Here’s something that may surprise you, Windows 7 is still one of the more popular operating systems. This is troubling since Microsoft is shutting off support for the OS on January 14, 2020.
We are all in the cloud. The concept of cloud computing and cloud storage has revolutionized the way businesses handle data storage and software distribution. We have helped many of our clients utilize cloud-based services, and these days, most of us are connected to this entity labeled as “the cloud” in one way or another. The question is, how can we tell if our data is safe?
With cybersecurity talent at such a critical shortage, data breaches that expose millions of people’s sensitive information are routine occurrences. It is one of the biggest problems that the modern business faces. Since shortages have businesses of all types scrambling for cybersecurity personnel we thought we’d put together a list of five things that every person should know about how to keep systems secure.
There are plenty of technologies that come to define the point of time in which they were developed. The printing press, the light bulb, the automobile, etc. Today, we live in a time where new, and potentially transcendent technologies seem to be a dime a dozen. In the past twenty years we’ve seen the development of the mobile device, broadband technology (both wired and wireless), social media, blockchain and cryptocurrency, all the way to self-driving cars. None of these technologies (even YouTube) has the promise that Artificial Intelligence has, however. Let’s take a look at how businesses are using AI to improve their business right now.
Technology is trending, there’s no doubt about that, but if you are a decision maker at a small business, technology solutions aren’t typically developed for your business in mind. As a result, it can often be difficult for the SMB to get tools that are scalable enough to make sense for them, while also getting powerful options that will actually work to improve some part of the business. This month, we’ll take a look at three trending technologies that small businesses are starting to use regularly.
In business, having contingencies for potential problems tends to be advantageous for the business that wants to stave off ruin. When you are dealing with information technology--specifically data--ensuring that it is protected against loss in the face of the litany of threats out there is an undertaking in itself. A disaster recovery strategy is created to govern the processes a business develops to recover to restore operations in a manner that will keep the business in business. This month we take a look at two of the core variables of a disaster recovery strategy: RPO and RTO.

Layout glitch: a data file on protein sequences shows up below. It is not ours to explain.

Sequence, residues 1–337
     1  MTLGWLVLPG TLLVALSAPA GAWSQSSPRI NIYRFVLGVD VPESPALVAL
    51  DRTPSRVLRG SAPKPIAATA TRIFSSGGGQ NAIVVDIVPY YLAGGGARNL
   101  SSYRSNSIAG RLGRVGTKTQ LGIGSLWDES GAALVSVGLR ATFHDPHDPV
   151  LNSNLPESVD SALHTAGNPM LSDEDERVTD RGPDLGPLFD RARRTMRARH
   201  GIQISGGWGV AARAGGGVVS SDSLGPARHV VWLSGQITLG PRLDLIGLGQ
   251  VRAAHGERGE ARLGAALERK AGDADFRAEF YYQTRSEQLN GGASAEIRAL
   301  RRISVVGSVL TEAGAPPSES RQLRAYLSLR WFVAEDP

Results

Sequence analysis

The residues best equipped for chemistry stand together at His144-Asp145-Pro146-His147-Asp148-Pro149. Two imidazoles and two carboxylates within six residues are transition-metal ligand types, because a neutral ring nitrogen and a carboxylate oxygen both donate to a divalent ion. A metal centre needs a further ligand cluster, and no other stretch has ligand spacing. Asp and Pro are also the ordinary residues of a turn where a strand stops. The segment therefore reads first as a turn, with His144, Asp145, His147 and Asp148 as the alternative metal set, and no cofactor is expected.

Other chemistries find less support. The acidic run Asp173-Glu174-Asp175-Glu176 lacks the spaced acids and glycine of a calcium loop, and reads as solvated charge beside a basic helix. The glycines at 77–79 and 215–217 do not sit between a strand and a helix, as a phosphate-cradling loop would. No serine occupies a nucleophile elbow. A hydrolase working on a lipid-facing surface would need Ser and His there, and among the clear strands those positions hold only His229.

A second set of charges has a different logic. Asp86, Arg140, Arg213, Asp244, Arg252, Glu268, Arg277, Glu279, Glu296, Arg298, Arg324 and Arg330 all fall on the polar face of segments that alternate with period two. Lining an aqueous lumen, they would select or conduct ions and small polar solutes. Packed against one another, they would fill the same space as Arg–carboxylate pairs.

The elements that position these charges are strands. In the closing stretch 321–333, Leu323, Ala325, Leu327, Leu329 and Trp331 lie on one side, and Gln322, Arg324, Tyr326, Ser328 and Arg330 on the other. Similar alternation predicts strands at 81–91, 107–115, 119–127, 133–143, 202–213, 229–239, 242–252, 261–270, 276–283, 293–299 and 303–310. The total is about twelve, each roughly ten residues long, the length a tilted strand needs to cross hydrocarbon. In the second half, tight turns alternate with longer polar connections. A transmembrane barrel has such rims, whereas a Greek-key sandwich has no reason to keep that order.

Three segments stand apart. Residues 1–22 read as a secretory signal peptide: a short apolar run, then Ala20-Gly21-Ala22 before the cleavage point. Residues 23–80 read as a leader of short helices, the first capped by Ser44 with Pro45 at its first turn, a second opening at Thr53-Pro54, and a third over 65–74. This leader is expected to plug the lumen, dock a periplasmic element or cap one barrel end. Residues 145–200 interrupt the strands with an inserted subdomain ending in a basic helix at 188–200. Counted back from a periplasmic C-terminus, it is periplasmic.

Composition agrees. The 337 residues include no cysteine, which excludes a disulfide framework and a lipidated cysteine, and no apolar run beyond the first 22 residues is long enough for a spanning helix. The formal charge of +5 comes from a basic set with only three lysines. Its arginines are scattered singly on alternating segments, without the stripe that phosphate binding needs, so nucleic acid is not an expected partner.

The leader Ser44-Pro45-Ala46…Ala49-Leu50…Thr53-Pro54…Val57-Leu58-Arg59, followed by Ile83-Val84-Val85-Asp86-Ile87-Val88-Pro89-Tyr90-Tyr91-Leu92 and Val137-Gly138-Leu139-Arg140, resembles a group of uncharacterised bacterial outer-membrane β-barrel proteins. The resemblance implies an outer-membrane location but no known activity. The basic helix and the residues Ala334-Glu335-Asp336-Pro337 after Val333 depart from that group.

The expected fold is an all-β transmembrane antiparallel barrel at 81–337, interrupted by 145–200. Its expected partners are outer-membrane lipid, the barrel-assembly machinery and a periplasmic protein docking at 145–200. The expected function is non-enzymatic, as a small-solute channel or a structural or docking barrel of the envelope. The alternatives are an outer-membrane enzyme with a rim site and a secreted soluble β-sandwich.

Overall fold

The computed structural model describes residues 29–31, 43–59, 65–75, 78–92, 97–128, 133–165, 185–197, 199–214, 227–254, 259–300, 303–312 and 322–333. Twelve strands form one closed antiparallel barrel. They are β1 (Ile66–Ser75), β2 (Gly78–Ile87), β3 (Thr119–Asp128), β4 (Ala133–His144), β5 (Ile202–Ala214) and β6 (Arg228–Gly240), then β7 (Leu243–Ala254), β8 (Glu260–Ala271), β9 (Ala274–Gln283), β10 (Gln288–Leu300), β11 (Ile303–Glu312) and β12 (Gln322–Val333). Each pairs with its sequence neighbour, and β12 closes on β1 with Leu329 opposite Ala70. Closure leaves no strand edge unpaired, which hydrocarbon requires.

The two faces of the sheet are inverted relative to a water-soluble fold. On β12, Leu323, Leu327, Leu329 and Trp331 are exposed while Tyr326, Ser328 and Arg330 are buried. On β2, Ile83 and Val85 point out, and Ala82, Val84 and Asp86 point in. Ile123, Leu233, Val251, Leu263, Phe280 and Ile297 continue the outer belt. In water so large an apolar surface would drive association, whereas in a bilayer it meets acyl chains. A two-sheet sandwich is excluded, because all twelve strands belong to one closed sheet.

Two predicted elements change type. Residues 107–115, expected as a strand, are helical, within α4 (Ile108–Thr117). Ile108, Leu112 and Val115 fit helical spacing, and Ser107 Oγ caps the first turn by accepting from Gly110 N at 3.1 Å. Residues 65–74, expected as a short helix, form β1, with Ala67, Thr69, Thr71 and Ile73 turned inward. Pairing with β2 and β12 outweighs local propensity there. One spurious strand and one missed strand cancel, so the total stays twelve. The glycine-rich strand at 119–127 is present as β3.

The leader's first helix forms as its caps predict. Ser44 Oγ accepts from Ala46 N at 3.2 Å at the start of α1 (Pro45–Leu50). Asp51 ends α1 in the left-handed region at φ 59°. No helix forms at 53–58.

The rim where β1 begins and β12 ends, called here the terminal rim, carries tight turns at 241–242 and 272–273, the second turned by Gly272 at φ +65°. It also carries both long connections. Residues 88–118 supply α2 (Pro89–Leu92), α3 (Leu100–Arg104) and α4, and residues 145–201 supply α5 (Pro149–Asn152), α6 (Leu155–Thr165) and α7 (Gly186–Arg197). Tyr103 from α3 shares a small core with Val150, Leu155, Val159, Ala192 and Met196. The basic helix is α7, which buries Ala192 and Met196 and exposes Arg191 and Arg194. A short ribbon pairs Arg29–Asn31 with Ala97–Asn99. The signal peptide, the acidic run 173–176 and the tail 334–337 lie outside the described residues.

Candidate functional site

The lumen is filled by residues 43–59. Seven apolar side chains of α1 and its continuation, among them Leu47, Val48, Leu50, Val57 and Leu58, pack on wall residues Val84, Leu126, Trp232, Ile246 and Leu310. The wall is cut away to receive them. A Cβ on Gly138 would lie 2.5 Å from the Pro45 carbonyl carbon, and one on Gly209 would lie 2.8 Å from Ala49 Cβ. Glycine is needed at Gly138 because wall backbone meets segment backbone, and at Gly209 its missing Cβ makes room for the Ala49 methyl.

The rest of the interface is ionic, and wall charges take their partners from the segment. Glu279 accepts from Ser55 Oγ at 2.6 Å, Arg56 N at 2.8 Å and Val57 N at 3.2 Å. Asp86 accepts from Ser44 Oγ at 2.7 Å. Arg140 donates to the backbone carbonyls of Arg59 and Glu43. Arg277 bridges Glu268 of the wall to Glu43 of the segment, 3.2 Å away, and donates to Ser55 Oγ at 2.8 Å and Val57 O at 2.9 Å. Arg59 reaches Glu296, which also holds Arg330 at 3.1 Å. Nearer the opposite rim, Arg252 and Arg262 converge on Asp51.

Here’s a fact that you’ve heard before: data loss is a nightmare for your business, and ransomware is the boogeyman. Once your data has been breached, your company’s reputation is damaged in perpetuity. That’s why it is important to confront these fears and start prioritizing data security.
If you asked the layman on the street about cloud computing, you may get some surprising answers. Some people may actually believe that the computing resources are stored in the clouds in the sky. Obviously, that isn’t the case, but one thing is certain: not all cloud strategies are understood by the people that use them. This month we will take a look at the different types of cloud computing and how they can actually work for business.
Companies are always looking for a better way to manage their data. For the modern manufacturer, there is a lot of data to manage. For some time, the best process was to fill up clanky file cabinets and pay people to oversee the process. This is no longer the case. With much of an organization’s groundwork being done on computers, storing transactional and clerical data on digital systems only makes sense.